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Clean Energy Group;
This report, which describes how states can use energy efficiency funds to provide incentives for energy storage, is a publication of Clean energy group (CEG), with appendices containing several white papers prepared by the applied economics Clinic under contract to CEG. This report explains the steps Massachusetts took to become the first state to integrate energy storage technologies into its energy efficiency plan, including actions to 1) expand the goals and definition of energy efficiency to include peak demand reduction, and 2) show that customer-sited battery storage can pass the required cost-effectiveness test. The report summarizes the economics of battery cost/benefit calculations, examines key elements of incentive design, and shows how battery storage would have been found to be even more cost-effective had the non-energy benefits of batteries been included in the calculations. The report also introduces seven non-energy benefits of batteries, and for the first time, assigns values to them. Finally, the report provides recommendations to other states for how to incentivize energy storage within their own energy efficiency plans. Four appendices provide detailed economics analysis, along with recommendations to Massachusetts on improving its demand reduction incentive program in future iterations of the energy efficiency plan.
National Center for Healthy Housing, Inc.;
The Prevention and Wellness Trust Fund (PWTF) of Massachusetts healthcare reform legislation (Section 60 of Chapter 224of the Acts of 2012) seeks to "reduce health care costs by preventing chronic conditions." It is designed to address four priority chronic conditions including pediatric asthma. The pediatric asthma program activities include Care Management for High-Risk Asthma Patients; Home-Based Multi-Trigger, Multi-Component Intervention (minimum of three home visits, asthma self-management and education, trigger remediation supplies, environmental services); Comprehensive SchoolBased Asthma Management Programs; Comprehensive Head Start-Based Asthma Management Programs; and Asthma Self-Management in Primary Care. In 2014, nine communities have been funded to be PWTF sites: Six offer pediatric asthma interventions, and five have initiated home-based asthma visits.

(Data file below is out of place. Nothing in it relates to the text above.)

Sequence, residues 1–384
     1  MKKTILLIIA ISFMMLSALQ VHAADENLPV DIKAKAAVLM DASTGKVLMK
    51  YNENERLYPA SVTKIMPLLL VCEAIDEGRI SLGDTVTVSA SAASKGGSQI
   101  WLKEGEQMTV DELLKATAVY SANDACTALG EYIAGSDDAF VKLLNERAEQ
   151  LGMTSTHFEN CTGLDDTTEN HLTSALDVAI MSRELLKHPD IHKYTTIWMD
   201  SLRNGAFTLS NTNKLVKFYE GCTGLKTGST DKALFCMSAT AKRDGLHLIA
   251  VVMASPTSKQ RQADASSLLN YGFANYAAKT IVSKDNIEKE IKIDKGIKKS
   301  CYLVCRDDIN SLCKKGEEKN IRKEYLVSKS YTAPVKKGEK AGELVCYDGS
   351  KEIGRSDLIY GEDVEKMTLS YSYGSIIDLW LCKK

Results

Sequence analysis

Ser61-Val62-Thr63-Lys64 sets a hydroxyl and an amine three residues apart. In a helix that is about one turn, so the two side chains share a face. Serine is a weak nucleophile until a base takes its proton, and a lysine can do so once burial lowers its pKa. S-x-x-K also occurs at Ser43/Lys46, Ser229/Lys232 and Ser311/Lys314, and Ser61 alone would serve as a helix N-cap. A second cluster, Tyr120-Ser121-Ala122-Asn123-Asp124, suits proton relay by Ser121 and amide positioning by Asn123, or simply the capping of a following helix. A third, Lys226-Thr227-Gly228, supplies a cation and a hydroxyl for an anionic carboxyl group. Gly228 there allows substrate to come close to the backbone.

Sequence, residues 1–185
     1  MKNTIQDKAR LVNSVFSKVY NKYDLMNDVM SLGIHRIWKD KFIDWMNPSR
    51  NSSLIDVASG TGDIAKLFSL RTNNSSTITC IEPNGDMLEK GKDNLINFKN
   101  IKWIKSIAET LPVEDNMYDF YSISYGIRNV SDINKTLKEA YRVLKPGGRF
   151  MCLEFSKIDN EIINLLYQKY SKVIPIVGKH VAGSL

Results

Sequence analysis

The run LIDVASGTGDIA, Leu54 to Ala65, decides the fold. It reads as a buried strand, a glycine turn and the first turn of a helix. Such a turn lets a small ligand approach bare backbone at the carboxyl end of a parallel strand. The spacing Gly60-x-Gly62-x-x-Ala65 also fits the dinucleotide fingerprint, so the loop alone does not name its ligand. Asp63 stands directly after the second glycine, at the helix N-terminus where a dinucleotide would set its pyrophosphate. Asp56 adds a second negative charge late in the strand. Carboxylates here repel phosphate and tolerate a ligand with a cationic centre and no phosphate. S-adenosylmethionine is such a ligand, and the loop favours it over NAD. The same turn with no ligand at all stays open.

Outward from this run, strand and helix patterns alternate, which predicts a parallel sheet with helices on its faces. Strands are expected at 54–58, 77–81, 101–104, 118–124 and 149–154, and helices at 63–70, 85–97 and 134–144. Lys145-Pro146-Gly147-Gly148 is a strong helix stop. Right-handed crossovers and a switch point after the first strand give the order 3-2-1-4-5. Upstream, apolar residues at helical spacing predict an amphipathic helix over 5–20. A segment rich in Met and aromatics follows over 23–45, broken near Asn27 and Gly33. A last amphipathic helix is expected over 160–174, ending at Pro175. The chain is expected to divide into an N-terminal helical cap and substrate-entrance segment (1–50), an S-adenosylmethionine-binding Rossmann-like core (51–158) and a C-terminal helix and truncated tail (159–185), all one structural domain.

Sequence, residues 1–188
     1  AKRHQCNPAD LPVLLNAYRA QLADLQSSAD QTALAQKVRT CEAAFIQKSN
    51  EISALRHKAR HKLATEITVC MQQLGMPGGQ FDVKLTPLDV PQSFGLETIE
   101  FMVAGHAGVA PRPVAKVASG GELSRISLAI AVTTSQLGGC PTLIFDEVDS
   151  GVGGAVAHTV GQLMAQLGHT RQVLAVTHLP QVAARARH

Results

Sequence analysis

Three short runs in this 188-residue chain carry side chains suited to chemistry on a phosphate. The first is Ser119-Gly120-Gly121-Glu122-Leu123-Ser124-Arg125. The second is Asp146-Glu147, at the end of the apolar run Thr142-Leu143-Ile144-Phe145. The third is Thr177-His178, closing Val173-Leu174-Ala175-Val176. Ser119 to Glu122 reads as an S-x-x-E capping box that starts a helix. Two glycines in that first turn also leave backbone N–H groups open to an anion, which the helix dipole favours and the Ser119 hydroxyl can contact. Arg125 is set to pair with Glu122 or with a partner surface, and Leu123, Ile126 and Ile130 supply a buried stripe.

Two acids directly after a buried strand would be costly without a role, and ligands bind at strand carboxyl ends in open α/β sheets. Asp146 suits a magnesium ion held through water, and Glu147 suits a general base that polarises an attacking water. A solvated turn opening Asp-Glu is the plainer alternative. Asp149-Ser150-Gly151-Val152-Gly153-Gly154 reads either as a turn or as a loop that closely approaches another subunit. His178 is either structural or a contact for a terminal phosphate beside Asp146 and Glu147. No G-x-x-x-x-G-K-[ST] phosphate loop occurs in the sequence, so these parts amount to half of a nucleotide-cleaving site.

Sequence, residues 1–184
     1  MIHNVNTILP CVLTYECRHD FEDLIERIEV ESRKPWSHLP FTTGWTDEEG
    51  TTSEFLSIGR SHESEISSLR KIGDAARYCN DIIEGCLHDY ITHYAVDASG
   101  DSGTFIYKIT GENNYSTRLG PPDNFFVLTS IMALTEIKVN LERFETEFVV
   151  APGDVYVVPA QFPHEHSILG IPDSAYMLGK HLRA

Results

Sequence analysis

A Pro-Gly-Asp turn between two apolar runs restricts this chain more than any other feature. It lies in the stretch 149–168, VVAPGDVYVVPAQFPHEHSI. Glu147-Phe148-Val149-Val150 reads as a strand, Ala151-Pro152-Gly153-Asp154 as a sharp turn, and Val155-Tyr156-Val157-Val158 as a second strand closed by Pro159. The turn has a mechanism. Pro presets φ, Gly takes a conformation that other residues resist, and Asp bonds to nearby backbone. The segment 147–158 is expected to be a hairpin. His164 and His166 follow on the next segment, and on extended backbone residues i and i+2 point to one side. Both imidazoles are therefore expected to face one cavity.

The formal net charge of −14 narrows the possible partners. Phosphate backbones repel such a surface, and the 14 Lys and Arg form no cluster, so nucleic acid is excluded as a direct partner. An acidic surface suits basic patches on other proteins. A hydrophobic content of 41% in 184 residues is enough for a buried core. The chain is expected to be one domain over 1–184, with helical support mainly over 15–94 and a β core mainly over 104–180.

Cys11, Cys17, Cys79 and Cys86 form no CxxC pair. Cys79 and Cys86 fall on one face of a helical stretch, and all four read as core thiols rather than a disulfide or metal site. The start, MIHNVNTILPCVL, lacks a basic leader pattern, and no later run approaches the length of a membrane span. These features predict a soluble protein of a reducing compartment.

We as a society have made choices that have led to deep inequities. Whether intentional or not, these inequities divide places, races, classes, and cultures across the Commonwealth. To bridge these divisions, policymakers, leaders, and practitioners must reframe decisions and actions with equity as an intentional outcome and part of the process. We write this paper to present a framework of how transit-oriented development (TOD) can help cities, specifically Gateway Cities, embed equity into market-based and other policy tools and practices, thereby transforming their regions through equitable growth and development.This report expands on our 2018 recommendations and lays the groundwork for a series of future policy briefs that will explore the issues covered here in more depth. We call for infusing equity into TOD policies and practices for four specific reasons:Over the past 50 years, demographic change has divided people and communities socially and economically in Gateway City metropolitan regions.Gentrification fears have surged in Gateway Cities' weak real estate markets, where increasing property values threaten to destabilize households and neighborhoods, strip cities of their cultural vibrancy, and put vulnerable residents at risk of displacement and homelessness.Local and nationwide histories of socioeconomic exclusion—particularly along racial and cultural lines—persist today. These histories have exacerbated wealth gaps and income inequality and require both acknowledgement and correction.Finally, a false policy dichotomy that supports either large "urban" or small "nonurban" communities ignores the vital role Gateway Cities play as regional hubs for surrounding towns and cities, thus deepening geographic disparities across the Commonwealth.